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Observational Study
. 2018 Apr 17;90(16):e1395-e1403.
doi: 10.1212/WNL.0000000000005334. Epub 2018 Mar 21.

Megalencephalic Leukoencephalopathy With Subcortical Cysts: Characterization of Disease Variants

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Free PMC article
Observational Study

Megalencephalic Leukoencephalopathy With Subcortical Cysts: Characterization of Disease Variants

Eline M C Hamilton et al. Neurology. .
Free PMC article

Abstract

Objective: To provide an overview of clinical and MRI characteristics of the different variants of the leukodystrophy megalencephalic leukoencephalopathy with subcortical cysts (MLC) and identify possible differentiating features.

Methods: We performed an international multi-institutional, cross-sectional observational study of the clinical and MRI characteristics in patients with genetically confirmed MLC. Clinical information was obtained by questionnaires for physicians and retrospective chart review.

Results: We included 204 patients with classic MLC, 187 of whom had recessive mutations in MLC1 (MLC1 variant) and 17 in GLIALCAM (MLC2A variant) and 38 patients with remitting MLC caused by dominant GLIALCAM mutations (MLC2B variant). We observed a relatively wide variability in neurologic disability among patients with classic MLC. No clinical differences could be identified between patients with MLC1 and MLC2A. Patients with MLC2B invariably had a milder phenotype with preservation of motor function, while intellectual disability and autism were relatively frequent. Systematic MRI review revealed no MRI features that distinguish between MLC1 and MLC2A. Radiologic improvement was observed in all patients with MLC2B and also in 2 patients with MLC1. In MRIs obtained in the early disease stage, absence of signal abnormalities of the posterior limb of the internal capsule and cerebellar white matter and presence of only rarefied subcortical white matter instead of true subcortical cysts were suggestive of MLC2B.

Conclusion: Clinical and MRI features did not distinguish between classic MLC with MLC1 or GLIALCAM mutations. Absence of signal abnormalities of the internal capsule and cerebellar white matter are MRI findings that point to the remitting phenotype.

Figures

Figure 1
Figure 1. Disease course
Kaplan-Meier plots on (A) onset of motor deterioration, (B) loss of walking without support, (C) loss of walking with or without support (full wheelchair dependency), (D) onset of seizures, and (E) survival, grouped by disease variant. Censored patients (absence of motor deterioration, still walking without support, still walking with or without support, absence of seizures, or still alive at last follow-up) are indicated by crosses. MLC1 = classic megalencephalic leukoencephalopathy with subcortical cysts caused by recessive MLC1 mutations; MLC2A = classic megalencephalic leukoencephalopathy with subcortical cysts caused by recessive GLIALCAM mutations; MLC2B = remitting megalencephalic leukoencephalopathy with subcortical cysts caused by dominant GLIALCAM mutations.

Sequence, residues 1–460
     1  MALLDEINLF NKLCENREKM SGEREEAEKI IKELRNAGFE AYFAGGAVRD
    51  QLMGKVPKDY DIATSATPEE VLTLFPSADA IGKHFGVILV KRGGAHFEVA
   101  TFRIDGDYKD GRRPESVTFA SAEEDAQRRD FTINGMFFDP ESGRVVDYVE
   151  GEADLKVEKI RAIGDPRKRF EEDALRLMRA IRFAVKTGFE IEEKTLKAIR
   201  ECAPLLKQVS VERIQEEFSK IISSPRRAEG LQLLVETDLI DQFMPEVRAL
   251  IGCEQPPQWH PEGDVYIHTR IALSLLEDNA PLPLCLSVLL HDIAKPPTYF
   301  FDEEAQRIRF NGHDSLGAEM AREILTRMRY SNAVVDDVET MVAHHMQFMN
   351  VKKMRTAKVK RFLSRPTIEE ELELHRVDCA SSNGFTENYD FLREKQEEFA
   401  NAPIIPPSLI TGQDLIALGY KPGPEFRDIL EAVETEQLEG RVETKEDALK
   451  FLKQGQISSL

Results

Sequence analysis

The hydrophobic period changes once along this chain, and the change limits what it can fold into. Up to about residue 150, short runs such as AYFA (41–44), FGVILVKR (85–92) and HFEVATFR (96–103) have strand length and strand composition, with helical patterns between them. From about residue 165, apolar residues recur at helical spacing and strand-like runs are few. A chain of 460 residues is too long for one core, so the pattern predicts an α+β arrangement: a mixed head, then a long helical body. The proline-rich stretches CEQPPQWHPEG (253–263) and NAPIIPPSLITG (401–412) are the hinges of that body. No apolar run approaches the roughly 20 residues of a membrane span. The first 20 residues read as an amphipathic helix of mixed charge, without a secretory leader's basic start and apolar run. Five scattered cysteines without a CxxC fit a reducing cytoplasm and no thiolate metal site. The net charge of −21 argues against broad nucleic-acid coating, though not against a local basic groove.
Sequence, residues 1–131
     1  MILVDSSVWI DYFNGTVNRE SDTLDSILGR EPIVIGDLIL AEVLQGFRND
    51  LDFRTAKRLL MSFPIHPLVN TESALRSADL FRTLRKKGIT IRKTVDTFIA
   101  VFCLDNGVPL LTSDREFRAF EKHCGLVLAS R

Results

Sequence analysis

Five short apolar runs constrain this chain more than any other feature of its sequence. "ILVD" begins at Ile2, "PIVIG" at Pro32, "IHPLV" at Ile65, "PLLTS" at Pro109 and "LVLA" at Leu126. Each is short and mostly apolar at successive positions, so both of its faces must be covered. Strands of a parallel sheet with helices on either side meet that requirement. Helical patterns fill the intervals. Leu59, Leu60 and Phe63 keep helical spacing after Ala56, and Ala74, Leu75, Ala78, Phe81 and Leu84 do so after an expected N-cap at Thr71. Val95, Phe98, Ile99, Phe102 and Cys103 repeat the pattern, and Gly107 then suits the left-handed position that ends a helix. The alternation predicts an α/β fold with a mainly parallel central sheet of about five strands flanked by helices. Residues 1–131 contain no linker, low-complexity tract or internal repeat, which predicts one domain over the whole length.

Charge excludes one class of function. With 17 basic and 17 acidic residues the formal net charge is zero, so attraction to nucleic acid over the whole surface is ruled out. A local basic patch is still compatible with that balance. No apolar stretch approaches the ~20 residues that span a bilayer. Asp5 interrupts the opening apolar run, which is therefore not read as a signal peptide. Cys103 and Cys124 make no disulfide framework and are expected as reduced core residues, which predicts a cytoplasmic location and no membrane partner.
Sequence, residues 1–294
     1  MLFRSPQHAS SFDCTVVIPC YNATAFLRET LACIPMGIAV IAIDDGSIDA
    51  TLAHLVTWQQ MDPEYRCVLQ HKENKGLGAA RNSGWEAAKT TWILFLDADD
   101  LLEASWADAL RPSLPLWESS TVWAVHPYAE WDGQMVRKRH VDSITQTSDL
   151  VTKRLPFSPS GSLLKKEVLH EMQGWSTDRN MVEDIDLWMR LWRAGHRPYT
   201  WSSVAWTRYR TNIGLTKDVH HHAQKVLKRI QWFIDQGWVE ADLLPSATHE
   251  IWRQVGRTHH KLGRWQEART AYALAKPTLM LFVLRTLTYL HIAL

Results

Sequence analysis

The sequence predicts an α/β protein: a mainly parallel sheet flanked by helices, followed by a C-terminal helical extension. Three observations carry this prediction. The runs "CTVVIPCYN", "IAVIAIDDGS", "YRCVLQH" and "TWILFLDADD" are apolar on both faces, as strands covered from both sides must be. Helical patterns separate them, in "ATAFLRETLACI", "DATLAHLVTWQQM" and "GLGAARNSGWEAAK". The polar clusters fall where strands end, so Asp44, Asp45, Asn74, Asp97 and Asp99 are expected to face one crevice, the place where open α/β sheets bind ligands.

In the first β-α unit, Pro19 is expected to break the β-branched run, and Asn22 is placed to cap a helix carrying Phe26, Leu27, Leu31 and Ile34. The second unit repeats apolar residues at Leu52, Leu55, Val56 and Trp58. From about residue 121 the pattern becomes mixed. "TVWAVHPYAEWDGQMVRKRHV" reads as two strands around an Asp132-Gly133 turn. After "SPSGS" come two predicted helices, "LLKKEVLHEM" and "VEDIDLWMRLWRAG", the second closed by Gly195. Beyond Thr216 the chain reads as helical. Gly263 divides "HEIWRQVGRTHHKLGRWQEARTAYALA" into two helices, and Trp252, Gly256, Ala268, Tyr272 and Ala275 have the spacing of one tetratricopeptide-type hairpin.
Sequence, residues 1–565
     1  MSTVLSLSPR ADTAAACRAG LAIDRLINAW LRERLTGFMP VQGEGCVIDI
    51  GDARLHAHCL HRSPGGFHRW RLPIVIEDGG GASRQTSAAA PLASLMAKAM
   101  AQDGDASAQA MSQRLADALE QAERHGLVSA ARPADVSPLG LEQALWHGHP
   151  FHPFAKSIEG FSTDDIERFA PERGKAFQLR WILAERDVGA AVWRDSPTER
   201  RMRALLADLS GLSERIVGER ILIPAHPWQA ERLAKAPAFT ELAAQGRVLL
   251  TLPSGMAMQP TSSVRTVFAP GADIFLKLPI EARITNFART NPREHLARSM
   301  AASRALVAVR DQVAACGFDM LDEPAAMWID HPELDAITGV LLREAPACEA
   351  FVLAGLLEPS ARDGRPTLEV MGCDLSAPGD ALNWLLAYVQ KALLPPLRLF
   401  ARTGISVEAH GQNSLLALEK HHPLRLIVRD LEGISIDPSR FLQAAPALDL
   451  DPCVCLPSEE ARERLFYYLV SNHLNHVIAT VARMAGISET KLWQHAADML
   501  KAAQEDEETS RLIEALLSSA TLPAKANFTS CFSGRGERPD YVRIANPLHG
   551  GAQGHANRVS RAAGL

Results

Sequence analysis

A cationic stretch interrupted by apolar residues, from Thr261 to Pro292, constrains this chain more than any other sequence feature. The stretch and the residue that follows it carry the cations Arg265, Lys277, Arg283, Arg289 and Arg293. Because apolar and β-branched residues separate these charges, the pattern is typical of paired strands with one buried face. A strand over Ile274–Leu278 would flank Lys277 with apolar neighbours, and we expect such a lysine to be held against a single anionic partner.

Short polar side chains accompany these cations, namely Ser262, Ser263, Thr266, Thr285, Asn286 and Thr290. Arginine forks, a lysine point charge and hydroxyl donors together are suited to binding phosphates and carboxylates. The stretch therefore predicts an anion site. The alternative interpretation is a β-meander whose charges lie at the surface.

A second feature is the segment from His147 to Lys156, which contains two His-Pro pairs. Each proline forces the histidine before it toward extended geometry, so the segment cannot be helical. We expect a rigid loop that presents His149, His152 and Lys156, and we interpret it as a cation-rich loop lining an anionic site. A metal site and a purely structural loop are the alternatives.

Figure 2
Figure 2. Function levels
Overview of megalencephalic leukoencephalopathy with subcortical cysts (MLC) patients' scores on (A) the Gross Motor Function Classification System (GMFCS), (B) Manual Ability Classification System (MACS), and (C) Communication Function Classification System (CFCS) in relation to age, grouped by disease variant: MLC1 (classic MLC caused by recessive MLC1 mutations; blue circles), MLC2A (classic MLC caused by recessive GLIALCAM mutations; red squares) and MLC2B (remitting MLC caused by dominant GLIALCAM mutations; green triangles). Scores range from I (no limitations) to V (severe limitations; table e-1, links.lww.com/WNL/A356).
Figure 3
Figure 3. MRI characteristics
MRI findings in a patient with megalencephalic leukoencephalopathy with subcortical cysts (MLC) caused by recessive MLC1 mutations (MLC1) at age 3 years (top), a patient with MLC caused by recessive GLIALCAM mutations (MLC2A) at age 6 years (middle), and a patient with MLC caused by dominant GLIALCAM mutations (MLC2B) at age 10 months (bottom). Sagittal T1-weighted images show anterior-temporal and frontoparietal cysts in the patient with MLC1 (A), an anterior-temporal cyst in the patient with MLC2A (D), and some near-cystic rarefaction in the anterior-temporal region in the patient with MLC2B (G). The T2-weighted axial images of the hemispheres show diffuse white matter abnormalities with some swelling (B, E, H). The sagittal images show some sparing of the subcortical white matter in all patients, especially in the occipital region (A, D, G); in the patient with MLC2B, the white matter is relatively preserved in the occipital region (G). The patients with classic MLC have a double-line-shaped abnormal signal of the posterior limb of the internal capsule (B, E), while the signal is normal in the patient with MLC2B (H). The T2-weighted axial images of the cerebellum show a mildly hyperintense signal of the cerebellar white matter in the patients with classic MLC (C, F) and a normal signal in the patient with MLC2B (I).

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